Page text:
1. I think the first edition is considering Xcode 4. That Xcode "4.0" not 4.0.1 or 4.0.2 or 4.1". There are differences and they are not minors.
2. that's it.
I'd recommend this book for beginners and intermediate developer (like me). For advanced developers, it may not offer so much.
The book covers a wide range of stuff, but when dealing with any other literature about Mac/iOS development, there is some redundancy.
For example, EVERY book on programming for the Mac or iOS platforms includes the majority of what you need to know about Interface Builder.
The audience for this book should not need an in depth lesson on how to do all the basics in IB. That's my major con to the book.
But, it's well organized, easy to reference and VERY handy to have at your side.
Highly recommend for anyone who wants to do more in Xcode than just making simple apps.
Better yet, Wentk's book has actually helped me to uncover many of the hidden gems within Xcode 4, and I'm actually starting to enjoy using it now. Indeed, Xcode 4 is powerful and useful, and thanks to this book, I'm beginning to take advantage of its more advanced features, rather than just trying to figure out how to do what I could previously in Xcode 3.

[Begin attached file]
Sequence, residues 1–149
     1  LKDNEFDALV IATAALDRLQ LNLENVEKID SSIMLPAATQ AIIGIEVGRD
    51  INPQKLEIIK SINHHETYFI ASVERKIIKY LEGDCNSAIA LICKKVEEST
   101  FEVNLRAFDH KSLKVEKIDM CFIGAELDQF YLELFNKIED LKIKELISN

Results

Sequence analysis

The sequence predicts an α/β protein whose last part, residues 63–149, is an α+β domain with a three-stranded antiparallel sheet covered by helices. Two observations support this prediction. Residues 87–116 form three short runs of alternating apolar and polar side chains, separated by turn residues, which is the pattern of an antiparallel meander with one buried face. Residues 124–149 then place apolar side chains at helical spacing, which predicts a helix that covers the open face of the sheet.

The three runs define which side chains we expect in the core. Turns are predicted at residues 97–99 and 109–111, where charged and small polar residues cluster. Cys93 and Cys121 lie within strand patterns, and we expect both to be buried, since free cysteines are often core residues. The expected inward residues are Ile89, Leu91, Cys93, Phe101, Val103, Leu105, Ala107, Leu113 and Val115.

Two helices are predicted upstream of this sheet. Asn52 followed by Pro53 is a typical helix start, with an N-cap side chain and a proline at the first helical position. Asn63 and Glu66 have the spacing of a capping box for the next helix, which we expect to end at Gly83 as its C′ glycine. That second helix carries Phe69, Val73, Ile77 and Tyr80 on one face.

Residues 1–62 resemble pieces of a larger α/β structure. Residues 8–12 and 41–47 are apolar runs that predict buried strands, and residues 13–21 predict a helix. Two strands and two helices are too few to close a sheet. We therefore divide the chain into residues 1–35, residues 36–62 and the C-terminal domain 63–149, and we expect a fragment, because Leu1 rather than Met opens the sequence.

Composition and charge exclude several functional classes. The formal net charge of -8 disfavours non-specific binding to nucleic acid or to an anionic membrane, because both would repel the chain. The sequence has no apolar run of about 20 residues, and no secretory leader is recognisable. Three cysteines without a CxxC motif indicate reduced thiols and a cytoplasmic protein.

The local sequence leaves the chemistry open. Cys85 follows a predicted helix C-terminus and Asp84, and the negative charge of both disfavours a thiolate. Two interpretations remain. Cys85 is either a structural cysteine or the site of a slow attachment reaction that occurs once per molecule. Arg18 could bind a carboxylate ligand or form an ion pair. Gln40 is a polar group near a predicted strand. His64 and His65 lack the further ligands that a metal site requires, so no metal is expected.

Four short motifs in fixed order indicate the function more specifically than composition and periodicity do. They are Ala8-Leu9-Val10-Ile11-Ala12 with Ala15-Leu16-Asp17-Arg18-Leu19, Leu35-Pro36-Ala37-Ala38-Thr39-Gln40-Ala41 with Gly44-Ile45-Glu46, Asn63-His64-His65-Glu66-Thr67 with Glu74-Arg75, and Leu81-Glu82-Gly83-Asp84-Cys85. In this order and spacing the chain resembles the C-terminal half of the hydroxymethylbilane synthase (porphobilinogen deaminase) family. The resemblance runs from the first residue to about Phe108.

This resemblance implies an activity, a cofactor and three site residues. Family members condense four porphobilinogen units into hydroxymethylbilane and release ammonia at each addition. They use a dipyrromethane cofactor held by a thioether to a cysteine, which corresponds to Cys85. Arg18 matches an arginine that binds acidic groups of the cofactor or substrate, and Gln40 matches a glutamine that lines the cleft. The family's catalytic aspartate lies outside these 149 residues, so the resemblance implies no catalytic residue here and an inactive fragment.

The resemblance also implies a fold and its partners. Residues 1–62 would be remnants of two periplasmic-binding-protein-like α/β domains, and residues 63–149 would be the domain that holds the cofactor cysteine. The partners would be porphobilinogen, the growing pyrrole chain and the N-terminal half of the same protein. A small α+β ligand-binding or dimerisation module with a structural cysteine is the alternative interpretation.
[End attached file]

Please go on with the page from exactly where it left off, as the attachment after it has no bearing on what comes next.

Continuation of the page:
This is the book that should come with every copy of Xcode 4.
Even though it's billed as a `developer reference', it does not in my opinion completely live up to that claim. While the book is thorough in its treatment of its `mechanics', it does not exhaustively define every detail of the IDE. For instance, the specific compiler and linker options are described only summarily. Since I'd expect to internalize the mechanics after some regular use of the IDE, and it's those specifics that I'd have trouble memorizing, I don't expect I'll be needing to refer to the book very often in the future.
Some of the sections could have been a little stronger; in particular, I found the description of workspaces to be somewhat inadequate, and found no explanation of how to set up inter-project dependencies. The treatment of `schemes' I also found a little weak, though I will say that what I learned about them from this book absolutely saved me from endless confusion and frustration when I was debugging problems with a multi-target project.